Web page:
A client of Swiss bank UBS won an appeal to prevent her account data from being given to the United States as part of a U.S. probe into possible tax evasion among wealthy bank customers.

The case raises doubt about the future of the effort to identify U.S. citizens who might have hidden billions of dollars in UBS bank accounts to avoid taxes.

Switzerland's laws give bank account holders protection against outside scrutiny, and UBS's agreement to give names to the United States was a notable departure from that tradition.

A Swiss administrative court ruled on Friday that an agreement on double taxation with the United States only allows for data to be disclosed in cases of fraud or the like.

The decision means that the United States might not get details that it wants on 4,450 UBS clients, lawyers said.

The Swiss courts are now one-upping the U.S., said Bryan Skarlatos, an attorney for wealthy clients, many of whom have sought amnesty with the IRS. The question is, how will the UBS commitment to turn over 4,450 names be fulfilled if these types of taxpayers cannot be turned over under the treaty.

U.S. tax authorities said they expect Switzerland to honor the deal, which strained relations between the countries last year. UBS was supposed to give names to Switzerland, which would evaluate them and turn over to the United States.

The United States said it would withdraw its legal summons seeking names if it got 10,000 UBS account holder names.

It is unclear whether that criteria has been met. A separate IRS amnesty program has yielded 14,700 names that U.S. tax authorities are culling.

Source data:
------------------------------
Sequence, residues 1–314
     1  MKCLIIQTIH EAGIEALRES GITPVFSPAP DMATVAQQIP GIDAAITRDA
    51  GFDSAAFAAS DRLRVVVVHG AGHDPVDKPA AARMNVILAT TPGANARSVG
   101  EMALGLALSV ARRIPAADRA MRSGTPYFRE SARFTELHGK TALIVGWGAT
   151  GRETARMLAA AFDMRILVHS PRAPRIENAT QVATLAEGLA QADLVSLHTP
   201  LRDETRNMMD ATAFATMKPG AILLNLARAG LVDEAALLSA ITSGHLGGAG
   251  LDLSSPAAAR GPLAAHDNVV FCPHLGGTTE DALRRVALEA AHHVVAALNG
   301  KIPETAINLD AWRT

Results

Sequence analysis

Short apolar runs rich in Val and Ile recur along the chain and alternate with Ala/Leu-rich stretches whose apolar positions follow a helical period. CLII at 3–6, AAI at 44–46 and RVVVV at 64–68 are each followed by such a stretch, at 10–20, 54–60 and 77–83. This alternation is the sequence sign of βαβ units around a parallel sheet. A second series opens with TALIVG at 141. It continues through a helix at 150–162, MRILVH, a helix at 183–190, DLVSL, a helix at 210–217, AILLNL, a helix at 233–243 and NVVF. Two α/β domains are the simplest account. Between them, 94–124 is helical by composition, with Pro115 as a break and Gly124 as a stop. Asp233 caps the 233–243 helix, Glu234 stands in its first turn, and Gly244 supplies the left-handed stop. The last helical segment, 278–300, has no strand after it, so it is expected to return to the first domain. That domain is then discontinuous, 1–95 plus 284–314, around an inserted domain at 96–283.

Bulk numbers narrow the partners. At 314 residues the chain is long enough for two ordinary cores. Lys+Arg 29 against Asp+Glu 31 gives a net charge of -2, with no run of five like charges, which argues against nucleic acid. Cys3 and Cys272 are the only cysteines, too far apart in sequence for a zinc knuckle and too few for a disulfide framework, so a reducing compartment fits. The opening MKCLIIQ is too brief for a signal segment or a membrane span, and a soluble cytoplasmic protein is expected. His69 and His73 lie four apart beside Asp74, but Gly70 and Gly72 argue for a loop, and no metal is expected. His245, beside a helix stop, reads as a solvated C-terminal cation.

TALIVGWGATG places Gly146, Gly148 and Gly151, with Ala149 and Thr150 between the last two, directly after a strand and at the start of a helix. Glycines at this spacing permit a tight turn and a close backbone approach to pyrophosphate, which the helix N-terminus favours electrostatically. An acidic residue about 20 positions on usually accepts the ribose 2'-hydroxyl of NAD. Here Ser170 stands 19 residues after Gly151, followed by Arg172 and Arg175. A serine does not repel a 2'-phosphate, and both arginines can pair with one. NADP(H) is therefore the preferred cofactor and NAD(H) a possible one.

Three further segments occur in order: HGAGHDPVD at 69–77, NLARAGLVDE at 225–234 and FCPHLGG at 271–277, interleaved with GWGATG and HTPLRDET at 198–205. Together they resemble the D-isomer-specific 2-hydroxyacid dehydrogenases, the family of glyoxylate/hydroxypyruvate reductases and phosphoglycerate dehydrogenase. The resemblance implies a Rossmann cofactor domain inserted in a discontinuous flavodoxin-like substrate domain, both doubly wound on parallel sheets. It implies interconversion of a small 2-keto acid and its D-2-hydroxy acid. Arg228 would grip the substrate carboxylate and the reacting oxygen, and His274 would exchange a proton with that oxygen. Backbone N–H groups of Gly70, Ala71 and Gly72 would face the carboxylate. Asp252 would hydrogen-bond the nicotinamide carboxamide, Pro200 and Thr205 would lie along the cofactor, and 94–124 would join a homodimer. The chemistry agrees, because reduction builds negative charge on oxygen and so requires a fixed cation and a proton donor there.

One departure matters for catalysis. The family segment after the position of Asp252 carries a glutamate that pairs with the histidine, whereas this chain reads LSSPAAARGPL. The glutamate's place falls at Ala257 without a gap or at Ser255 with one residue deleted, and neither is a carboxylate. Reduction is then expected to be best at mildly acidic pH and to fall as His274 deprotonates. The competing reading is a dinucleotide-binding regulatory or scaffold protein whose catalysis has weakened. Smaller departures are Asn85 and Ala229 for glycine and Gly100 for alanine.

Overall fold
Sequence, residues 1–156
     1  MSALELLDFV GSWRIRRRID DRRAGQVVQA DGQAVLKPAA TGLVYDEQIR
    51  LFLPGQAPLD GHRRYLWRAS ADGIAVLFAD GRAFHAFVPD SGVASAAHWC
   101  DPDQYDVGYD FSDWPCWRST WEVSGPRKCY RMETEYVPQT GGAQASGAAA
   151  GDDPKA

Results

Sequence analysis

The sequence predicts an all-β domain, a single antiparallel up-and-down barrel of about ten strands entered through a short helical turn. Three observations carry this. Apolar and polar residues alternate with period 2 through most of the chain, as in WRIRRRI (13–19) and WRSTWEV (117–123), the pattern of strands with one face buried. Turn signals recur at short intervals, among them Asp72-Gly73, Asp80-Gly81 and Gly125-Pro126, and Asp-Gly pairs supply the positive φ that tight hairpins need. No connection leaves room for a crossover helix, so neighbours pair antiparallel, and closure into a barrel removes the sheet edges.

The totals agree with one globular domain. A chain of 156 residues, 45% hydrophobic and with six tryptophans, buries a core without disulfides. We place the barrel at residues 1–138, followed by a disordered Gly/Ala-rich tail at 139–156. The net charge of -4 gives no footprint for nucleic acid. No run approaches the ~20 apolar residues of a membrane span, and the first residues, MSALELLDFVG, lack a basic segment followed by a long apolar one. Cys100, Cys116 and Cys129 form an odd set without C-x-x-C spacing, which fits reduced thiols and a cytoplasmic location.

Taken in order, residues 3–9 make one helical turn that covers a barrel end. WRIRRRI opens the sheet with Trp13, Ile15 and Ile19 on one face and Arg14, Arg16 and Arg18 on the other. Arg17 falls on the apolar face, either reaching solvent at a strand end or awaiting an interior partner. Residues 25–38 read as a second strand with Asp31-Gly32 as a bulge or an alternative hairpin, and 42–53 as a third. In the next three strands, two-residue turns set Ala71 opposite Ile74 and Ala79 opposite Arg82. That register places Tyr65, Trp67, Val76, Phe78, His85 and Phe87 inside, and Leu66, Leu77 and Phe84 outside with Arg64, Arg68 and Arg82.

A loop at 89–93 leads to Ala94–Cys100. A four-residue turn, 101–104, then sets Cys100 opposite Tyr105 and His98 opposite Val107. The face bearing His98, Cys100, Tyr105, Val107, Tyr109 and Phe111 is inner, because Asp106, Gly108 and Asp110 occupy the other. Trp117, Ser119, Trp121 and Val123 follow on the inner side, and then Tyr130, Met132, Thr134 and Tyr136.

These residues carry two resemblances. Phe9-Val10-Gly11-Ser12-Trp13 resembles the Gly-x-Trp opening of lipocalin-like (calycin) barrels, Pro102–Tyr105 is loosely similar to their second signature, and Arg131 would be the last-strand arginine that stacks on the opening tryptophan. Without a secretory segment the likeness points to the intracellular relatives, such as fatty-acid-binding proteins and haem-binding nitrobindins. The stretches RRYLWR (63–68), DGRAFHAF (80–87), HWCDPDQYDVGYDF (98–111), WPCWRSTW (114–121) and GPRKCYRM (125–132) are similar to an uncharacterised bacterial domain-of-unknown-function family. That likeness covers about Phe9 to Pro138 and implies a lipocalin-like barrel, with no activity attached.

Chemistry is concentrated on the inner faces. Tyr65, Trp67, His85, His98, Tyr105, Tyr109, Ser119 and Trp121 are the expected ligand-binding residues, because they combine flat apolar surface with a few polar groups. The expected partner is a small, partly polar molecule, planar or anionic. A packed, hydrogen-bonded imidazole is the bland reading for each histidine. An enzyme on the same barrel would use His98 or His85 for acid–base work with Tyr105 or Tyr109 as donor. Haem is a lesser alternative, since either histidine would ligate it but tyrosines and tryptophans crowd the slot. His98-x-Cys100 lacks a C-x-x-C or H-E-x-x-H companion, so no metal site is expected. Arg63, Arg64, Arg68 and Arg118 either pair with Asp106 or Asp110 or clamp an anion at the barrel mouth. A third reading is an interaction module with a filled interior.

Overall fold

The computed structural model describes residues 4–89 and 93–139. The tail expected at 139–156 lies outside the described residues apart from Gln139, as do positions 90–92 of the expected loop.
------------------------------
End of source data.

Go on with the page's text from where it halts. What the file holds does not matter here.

The Swiss cabinet will discuss next Wednesday how to ensure the implementation of the Swiss-U.S. tax agreement following the court's decision, it said in a statement.

UBS acknowledged the court decision, but did not comment.

In the case decided on Friday, the client failed to file a tax form, but this did not constitute fraudulent behavior even if large sums of money were involved, the court ruled.

The Swiss tax department would have the opportunity to appeal. A further 25 similar cases were still pending.

The question of whether the Swiss-U.S. agreement is in danger is an open one, court spokesman Andrea Arcidiacono said. It is up to the agreement's parties how to proceed.


Switzerland might not have to give up accounts of people who failed to give proper documentation, but did not act fraudulently, said Scott Michel, a lawyer who represents wealthy clients. Many have turned themselves in under the IRS's voluntary disclosure program.

Most of the people whose accounts would be handed over to the United States were suspected of fraud, not simple tax evasion, the Swiss justice department said in November.

The department said it would give the names of American UBS clients with accounts holding more than 1 million Swiss francs ($986,200) where there was reasonable suspicion of tax fraud.

Accounts as low as 100,000 Swiss francs could be included if authorities detected a scheme of lies.

The country would also give the names of U.S. citizens with offshore company accounts with UBS if they were suspected of tax fraud or similar, regardless of where they live.

UBS shares closed down 3.9 percent against a 2 percent dip in the DJ Stoxx European banks index <.SX7P> and a 6.4 percent fall in rival Credit Suisse after U.S. President Barack Obama proposed restrictions on how banks operate.

Swiss financial watchdog FINMA has appealed against a court ruling that it broke Swiss law last year when it ordered UBS to hand over tax-sensitive data of nearly 300 clients to U.S. authorities in an unconnected case.

FINMA's decision was a prelude to the Swiss government bowing to international pressure on tax havens and agreeing to soften its cherished bank secrecy laws in March, a competitive advantage for the Alpine country's banks.

(Additional reporting by Oliver Hirt and Lisa Jucca in Zurich; Editing by Greg Mahlich and Robert MacMillan)

(Reporting by Jason Rhodes in Zurich and Kim Dixon in Washington)